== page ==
Tag Archives: art

Let’s do a Woody Guthrie festival on his birthday this year! Are you in?


If he had survived, he would have been 106 on July 14. It’s a Saturday and a good day for a cookout and a singalong. The incredible Gerardo Contreras of UAW 848 is willing to do the cooking. I believe that both KNON’s “Workers Beat” program and Dallas AFL-CIO would sponsor and benefit from any money we raise.

My idea is to assemble a small choir to perform and lead audience participation songs, just as Woody or Pete Seeger would have done. Individuals or groups might want to do their own performances, but some songs, like “This Land Is Your Land” cry out to have everybody sing.

There are hundreds of songs to choose from, but here are some of the best-known ones.

All You Fascists Bound to Lose (choir- singalong)

Biggest Thing that Man Has Ever Done

Deportee (Anthony Esparza)

Do Re Mi

Hard traveling

I Ain’t Got No Home / Old Man Trump

I’ve Got to Know

Jesus Christ

“Talking Unions”

Oklahoma Hills

Philadelphia Lawyer

Pretty Boy Floyd

Ranger’s Command

This Land Is Your Land (choir-singalong)

Tom Joad

Union Maid

You Gotta Go Down  and Join the Union

Labor’s musical tradition tends to get lost every now and then. Let’s re-discover some of it!

–Gene Lantz

I’m on KNON radio 89.3 FM in Dallas at 9 AM central time every Saturday. Podcasts are available from the “events” tab. If you want to know what I really think, check out my personal web site

Movie review: Nocturnal Animals, Written and Directed by Tom Ford, 117 minutes


I really like Amy Adams. Apparently, so does director Tom Ford, because he keeps her in close-up most of the way through this movie.

The opening credits, arguably the best part of the movie, really grab one’s attention. Having grabbed it, though, it doesn’t do anything with it. Maybe it’s art, but it doesn’t teach me anything or change me in anyway. It’s just shocking without any actual effect or purpose.

Amy Adams, always a fine actress, puts on art shows but doesn’t really believe she’s doing anything worthwhile. She remembers her ex-husband, played by the very able Jake Gyllenhall, who put his heart and soul into his art, and she wants to recapture youth, love, and real commitment. She’s reading his novel. It’s full of sex, violence, and violent sex. It really grabs one’s attention, and Amy Adams has to job of convincing us in the audience that it means something.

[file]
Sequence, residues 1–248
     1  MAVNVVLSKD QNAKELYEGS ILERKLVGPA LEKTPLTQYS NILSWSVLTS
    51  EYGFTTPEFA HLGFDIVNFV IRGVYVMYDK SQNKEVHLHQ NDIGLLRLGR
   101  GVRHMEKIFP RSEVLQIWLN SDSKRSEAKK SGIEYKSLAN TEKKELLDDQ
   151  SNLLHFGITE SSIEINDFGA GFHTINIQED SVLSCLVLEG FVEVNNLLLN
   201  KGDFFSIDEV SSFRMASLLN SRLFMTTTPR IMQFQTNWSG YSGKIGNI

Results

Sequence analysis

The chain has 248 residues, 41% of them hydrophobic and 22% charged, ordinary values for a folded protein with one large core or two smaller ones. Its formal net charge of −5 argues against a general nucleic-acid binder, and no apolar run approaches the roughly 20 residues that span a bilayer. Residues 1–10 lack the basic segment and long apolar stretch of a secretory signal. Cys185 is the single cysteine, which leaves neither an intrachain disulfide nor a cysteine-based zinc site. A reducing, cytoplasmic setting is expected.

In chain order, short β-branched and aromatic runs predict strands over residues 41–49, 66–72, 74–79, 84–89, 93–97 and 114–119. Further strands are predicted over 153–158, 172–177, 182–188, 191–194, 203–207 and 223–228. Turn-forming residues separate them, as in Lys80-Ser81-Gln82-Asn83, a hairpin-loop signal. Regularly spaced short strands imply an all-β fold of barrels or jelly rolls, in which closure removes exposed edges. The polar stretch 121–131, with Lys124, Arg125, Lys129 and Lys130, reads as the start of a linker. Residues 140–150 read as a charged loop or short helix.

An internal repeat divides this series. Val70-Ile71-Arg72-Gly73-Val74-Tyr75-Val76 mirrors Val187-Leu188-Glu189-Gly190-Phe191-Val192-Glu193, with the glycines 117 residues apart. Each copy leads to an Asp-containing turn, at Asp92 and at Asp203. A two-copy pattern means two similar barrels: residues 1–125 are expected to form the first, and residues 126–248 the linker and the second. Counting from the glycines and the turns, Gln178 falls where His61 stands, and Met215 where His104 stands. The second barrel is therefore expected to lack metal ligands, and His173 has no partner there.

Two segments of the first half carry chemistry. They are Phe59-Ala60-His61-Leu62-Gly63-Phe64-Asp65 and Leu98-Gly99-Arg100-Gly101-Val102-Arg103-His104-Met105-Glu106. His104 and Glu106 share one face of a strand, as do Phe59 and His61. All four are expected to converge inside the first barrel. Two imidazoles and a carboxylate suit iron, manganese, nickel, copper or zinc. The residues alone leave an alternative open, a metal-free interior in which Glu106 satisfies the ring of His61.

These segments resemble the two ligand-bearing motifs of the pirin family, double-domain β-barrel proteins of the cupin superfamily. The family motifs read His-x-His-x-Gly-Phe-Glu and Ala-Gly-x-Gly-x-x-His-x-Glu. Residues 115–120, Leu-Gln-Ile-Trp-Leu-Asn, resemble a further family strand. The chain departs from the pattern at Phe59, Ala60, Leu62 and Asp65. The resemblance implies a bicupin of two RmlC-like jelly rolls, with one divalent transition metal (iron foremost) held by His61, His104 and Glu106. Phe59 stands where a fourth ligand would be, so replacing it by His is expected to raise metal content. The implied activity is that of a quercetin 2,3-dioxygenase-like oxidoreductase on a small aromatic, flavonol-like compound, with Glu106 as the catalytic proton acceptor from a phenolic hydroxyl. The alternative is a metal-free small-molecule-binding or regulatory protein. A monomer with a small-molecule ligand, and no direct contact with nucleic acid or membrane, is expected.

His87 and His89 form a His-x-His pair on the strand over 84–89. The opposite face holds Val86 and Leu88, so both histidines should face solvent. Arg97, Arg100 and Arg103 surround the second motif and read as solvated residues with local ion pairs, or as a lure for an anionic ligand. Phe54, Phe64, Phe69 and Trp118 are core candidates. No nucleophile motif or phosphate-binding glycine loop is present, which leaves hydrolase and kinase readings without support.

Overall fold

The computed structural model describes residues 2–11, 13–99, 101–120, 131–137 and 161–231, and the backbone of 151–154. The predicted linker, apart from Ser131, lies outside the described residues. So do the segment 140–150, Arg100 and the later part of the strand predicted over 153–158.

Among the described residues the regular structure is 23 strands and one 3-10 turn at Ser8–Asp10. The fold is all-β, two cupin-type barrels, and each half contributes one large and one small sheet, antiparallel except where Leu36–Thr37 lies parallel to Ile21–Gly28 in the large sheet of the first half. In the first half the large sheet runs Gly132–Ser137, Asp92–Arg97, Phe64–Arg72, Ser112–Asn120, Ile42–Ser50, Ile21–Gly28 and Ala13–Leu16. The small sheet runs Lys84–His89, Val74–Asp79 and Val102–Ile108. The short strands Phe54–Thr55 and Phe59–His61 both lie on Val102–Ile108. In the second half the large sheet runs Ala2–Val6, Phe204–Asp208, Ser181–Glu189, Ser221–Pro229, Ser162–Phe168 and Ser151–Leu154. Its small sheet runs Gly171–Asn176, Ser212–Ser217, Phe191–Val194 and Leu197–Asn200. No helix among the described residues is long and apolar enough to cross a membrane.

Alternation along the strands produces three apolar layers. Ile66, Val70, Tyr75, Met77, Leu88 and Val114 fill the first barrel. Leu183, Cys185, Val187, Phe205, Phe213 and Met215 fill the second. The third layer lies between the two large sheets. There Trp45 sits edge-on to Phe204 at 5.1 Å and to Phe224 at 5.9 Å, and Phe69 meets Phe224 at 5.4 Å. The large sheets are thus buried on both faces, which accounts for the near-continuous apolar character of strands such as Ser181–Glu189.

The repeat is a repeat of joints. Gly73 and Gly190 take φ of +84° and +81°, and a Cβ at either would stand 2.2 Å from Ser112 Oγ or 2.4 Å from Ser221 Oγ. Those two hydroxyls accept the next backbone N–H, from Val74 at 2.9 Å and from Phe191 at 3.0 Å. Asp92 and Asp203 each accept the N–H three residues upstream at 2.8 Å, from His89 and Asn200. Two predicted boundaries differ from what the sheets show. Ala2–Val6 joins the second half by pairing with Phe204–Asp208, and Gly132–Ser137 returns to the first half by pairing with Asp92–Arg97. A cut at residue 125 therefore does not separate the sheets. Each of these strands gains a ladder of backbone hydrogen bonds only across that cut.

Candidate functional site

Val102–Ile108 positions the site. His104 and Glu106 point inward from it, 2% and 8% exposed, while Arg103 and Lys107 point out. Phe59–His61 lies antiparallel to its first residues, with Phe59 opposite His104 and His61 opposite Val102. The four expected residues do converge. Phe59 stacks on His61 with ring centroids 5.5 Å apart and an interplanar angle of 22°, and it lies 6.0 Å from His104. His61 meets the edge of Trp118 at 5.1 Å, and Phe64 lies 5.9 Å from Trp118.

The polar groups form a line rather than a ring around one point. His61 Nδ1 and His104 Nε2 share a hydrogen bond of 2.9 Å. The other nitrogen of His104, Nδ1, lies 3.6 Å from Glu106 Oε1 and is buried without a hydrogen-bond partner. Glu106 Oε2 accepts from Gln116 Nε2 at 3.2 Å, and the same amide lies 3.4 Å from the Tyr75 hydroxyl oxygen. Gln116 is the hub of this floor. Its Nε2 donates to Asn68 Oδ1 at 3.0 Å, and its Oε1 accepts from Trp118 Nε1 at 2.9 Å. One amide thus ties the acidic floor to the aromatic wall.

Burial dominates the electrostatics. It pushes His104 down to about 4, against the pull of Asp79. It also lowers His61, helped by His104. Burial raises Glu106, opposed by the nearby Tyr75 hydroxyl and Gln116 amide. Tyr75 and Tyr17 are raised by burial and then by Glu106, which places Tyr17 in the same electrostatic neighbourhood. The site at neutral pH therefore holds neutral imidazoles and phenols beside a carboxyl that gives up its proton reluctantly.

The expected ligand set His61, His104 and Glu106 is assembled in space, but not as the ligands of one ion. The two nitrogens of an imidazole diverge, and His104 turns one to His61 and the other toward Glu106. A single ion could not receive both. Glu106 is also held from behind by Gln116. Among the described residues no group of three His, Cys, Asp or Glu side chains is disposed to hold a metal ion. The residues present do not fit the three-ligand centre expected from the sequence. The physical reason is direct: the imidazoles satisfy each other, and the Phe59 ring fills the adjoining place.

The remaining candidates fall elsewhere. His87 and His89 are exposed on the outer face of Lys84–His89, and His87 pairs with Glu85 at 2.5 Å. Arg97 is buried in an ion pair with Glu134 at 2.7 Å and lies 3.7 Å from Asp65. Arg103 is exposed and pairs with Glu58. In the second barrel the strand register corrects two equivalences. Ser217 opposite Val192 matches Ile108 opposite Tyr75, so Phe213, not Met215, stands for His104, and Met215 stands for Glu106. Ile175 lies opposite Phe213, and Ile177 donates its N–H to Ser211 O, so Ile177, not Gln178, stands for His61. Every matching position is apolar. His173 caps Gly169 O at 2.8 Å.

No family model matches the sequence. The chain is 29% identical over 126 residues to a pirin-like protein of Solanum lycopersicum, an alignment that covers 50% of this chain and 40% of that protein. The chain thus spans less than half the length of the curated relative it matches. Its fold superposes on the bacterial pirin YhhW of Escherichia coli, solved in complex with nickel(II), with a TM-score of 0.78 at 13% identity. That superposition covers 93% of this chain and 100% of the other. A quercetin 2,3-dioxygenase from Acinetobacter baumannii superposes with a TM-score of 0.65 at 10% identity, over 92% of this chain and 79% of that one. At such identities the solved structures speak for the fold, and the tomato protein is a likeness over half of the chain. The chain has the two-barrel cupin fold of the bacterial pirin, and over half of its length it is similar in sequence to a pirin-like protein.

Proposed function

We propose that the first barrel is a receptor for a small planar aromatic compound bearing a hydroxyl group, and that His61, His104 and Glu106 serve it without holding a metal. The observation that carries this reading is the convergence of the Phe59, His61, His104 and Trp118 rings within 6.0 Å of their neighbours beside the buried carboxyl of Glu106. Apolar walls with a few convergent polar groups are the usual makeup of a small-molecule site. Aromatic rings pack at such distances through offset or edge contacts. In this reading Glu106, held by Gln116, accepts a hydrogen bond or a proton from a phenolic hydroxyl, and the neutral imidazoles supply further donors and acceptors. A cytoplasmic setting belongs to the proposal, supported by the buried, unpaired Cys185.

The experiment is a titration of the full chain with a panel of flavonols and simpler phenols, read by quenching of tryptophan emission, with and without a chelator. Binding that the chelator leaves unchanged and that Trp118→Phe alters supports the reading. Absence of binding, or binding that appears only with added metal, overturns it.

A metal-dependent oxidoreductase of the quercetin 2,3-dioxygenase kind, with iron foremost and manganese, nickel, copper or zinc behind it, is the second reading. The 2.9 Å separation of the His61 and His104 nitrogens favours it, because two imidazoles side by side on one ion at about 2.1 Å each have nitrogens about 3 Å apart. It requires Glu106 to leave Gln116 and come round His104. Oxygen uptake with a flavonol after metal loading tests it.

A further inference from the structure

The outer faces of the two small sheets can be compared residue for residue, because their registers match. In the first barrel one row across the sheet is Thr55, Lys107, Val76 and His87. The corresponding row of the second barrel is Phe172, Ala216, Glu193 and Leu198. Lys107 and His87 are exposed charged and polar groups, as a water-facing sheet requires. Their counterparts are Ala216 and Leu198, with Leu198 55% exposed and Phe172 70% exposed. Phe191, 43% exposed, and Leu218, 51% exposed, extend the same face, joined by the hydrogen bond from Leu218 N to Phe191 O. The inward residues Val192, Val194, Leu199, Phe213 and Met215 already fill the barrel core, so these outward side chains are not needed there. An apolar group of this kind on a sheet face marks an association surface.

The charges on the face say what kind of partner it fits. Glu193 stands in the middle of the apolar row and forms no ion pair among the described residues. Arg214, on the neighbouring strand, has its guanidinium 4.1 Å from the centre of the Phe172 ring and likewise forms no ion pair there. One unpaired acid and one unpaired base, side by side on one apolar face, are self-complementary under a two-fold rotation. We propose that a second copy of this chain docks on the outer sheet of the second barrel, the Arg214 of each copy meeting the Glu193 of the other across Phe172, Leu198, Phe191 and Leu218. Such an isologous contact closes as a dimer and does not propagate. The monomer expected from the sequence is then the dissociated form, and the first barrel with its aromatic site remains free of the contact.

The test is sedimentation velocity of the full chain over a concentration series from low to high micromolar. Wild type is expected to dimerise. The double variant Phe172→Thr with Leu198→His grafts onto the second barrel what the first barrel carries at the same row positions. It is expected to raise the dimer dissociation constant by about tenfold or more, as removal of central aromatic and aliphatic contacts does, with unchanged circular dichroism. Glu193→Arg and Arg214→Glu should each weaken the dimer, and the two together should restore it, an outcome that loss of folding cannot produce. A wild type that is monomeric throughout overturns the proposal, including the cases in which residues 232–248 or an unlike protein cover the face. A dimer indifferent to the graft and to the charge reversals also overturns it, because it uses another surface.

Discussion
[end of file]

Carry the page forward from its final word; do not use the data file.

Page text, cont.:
But it doesn’t, and neither do the wistful wishes of Amy Adams’ character. And neither does the entire movie. Art, to be art, needs to do something besides shock us and grab our attention.

–Gene Lantz

Listen to “Workers Beat” at 9 CST every Saturday morning on 89.3FM and

If you want to know what I really think, look at my life’s lessons site

In the Q&A last Saturday, a woman asked the exasperating eternal question, “Why do people act and vote against their own interests?” Everybody wants to know that.

The answer is that the entire culture, set up and controlled by the employers, is working against us. They own virtually all the advertising industry, the publishers, the movies, the news sources, the schools, the concert halls — everything that hits us intellectually and emotionally. And it’s constantly!

“Society is everywhere in conspiracy against the manhood [and womanhood] of each of its members.” — Thoreau


Artists fight back in coffee houses with limited audiences. They do even better on the internet. There’s a “union song playlist” on YouTube, (click here) for instance.

Democracy has a way of inserting itself even in commercial cultural enterprises. The movies, for example, have to sell tickets, so they can’t constantly preach against everything we believe. I enjoy writing reviews because there are some good things said in movies like “The Free State of Jones” (click here) where the main character explains that his band of Mississippi guerrillas are not exactly fighting for the North in the Civil War. He says they’re fighting against the wealthy, and that’s not the same thing.

Of the world of art and culture, I believe my favorite area is the daily newspaper comics. I can imagine that the cartoonists try hard to stay neutral on the issues, but they have to cultivate an honest audience; consequently democracy sneaks in again. “Dilbert,” which always shows management as idiots, is my favorite of course. Recently, “Non Sequiter” showed St Peter working the handle on a trap door that sent Republican politicians immediately Down Below. “Doonesbury,” of course, punishes greedy politicians mercilessly.

My own radio show, “Workers Beat” on KNON radio (click here) is an exception to the rule. But the rule remains that the bosses control almost everything that influences us.

–Gene Lantz

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